Molecular motors have been created that either rotate or fluoresce when stimulated by a specific wavelength of light. It is the first time that two independent light-driven functions have been incorporated into the same molecular motor and could aid their future use in biological settings.
Molecular machines are an intense area of chemical research with potential applications ranging from molecular computing to nanomedicine. Now, a team led by University of Groningen researchers Ben Feringa – who shared the 2016 chemistry Nobel prize for his pioneering work on molecular motors – and Maxim Pshenichnikov has developed a series of machines that rotate and fluoresce depending on which wavelength of light is used to activate it.
The key to separating the two functions is in the two different excited states that the molecule can take on. One of these transfers energy towards rotation, while the other causes the molecule to fluoresce.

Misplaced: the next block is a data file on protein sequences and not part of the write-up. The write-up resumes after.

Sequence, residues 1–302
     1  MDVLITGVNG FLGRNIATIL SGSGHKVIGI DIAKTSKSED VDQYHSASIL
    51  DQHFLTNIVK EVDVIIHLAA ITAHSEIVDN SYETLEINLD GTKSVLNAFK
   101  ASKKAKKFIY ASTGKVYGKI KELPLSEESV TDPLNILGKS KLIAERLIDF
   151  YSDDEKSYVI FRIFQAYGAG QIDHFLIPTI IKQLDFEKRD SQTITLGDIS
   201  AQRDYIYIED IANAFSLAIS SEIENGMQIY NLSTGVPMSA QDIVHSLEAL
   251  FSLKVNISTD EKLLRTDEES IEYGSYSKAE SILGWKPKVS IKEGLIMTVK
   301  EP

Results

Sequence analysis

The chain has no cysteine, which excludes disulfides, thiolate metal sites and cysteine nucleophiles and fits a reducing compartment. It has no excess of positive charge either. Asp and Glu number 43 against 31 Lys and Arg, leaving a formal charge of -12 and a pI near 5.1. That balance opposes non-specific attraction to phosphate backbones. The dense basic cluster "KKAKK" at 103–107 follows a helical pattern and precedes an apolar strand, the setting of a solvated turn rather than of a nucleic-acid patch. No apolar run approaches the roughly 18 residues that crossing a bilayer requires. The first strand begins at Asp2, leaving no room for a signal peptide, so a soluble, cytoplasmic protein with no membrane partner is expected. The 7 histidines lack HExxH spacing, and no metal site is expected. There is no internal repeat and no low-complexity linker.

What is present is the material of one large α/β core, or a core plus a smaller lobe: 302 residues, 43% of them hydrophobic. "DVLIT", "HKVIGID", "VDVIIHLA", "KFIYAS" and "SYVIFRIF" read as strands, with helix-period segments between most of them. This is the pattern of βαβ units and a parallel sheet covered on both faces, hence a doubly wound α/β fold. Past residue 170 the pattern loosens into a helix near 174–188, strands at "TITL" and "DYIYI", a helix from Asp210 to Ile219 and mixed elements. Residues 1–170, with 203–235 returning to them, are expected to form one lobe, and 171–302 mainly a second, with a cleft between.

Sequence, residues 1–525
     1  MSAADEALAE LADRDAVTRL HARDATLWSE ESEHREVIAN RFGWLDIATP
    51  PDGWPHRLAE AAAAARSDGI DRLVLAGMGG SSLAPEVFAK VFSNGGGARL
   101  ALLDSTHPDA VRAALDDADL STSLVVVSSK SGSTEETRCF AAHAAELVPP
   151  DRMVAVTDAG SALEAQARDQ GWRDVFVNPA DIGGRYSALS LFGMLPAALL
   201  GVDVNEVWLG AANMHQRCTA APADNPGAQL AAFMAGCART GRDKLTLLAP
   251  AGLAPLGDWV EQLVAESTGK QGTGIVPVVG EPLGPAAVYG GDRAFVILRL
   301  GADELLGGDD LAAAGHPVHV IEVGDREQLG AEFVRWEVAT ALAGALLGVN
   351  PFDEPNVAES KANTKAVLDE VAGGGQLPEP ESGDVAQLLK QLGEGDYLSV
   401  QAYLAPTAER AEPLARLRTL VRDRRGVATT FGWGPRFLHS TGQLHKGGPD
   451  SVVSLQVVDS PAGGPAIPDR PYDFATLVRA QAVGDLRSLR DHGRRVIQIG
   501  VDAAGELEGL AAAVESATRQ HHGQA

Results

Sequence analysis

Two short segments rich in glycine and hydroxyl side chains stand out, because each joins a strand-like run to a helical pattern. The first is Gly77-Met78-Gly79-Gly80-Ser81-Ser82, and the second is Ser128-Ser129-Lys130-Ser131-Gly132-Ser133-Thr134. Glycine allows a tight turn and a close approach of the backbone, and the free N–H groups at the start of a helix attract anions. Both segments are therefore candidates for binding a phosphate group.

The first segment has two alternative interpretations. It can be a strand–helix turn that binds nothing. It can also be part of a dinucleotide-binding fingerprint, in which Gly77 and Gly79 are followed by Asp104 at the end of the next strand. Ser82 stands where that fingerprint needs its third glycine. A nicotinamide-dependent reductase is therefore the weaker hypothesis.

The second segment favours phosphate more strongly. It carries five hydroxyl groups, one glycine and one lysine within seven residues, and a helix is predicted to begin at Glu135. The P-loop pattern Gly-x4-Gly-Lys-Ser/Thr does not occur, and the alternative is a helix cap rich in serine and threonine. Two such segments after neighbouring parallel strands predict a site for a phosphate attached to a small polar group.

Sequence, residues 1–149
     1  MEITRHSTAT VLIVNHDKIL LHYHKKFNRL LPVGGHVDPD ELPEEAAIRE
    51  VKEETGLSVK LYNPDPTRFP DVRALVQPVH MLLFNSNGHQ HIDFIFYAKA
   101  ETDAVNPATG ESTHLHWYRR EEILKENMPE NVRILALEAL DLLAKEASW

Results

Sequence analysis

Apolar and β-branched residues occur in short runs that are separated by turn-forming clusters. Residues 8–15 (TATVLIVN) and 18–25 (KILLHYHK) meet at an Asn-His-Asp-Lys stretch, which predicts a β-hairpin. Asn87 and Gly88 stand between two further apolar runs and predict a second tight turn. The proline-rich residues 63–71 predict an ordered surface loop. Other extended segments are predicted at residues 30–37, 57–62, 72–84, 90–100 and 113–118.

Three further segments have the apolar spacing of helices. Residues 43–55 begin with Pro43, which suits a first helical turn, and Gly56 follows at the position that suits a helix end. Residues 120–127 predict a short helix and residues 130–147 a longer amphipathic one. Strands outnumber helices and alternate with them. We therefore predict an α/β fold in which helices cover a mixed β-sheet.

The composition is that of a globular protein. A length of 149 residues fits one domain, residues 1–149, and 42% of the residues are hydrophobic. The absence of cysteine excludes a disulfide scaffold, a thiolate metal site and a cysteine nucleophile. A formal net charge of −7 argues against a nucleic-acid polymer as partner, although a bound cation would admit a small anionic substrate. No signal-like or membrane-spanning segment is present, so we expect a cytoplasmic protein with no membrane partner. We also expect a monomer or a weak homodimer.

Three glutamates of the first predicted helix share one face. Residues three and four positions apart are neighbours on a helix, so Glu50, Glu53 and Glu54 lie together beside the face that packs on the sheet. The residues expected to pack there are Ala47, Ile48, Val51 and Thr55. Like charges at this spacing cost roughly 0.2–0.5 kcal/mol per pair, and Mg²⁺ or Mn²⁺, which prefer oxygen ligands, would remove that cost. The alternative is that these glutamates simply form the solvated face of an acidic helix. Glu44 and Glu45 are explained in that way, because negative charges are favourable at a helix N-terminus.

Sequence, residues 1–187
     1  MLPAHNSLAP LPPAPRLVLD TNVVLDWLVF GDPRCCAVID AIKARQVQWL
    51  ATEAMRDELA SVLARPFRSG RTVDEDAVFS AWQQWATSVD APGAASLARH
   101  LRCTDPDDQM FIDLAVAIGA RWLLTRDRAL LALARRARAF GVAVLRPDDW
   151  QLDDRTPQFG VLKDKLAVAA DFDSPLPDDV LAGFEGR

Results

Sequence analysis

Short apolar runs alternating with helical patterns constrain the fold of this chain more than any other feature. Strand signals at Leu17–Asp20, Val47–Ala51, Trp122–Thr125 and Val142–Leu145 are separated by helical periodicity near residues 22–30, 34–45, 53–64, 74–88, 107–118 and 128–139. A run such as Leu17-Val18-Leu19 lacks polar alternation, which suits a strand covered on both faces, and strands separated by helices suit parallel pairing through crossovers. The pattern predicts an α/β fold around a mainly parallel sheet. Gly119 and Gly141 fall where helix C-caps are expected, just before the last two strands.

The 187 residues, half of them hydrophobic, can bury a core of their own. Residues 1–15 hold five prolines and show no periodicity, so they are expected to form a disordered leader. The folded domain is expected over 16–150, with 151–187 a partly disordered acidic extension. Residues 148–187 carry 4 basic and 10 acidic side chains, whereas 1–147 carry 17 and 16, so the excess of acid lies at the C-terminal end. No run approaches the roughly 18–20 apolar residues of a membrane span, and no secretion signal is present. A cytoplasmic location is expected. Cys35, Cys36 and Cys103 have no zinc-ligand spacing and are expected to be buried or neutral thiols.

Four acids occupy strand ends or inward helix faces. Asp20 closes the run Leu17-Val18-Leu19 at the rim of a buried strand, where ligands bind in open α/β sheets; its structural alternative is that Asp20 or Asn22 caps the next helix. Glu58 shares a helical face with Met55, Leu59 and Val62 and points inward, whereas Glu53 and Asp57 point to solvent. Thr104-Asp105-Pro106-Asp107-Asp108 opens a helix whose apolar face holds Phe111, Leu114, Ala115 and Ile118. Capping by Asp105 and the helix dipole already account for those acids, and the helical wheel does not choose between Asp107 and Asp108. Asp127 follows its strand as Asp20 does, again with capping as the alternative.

The researchers say that incorporating photoluminescence into molecular machines will provide a way to track them in complex biological environments. Importantly, the motors are driven using low-intensity near-infrared light, so avoids the damage to living cells from using ultraviolet light, which is often required to operate molecular machines.
L Pfeifer et al, Sci. Adv., 2022, DOI: 10.1126/sciadv.add0410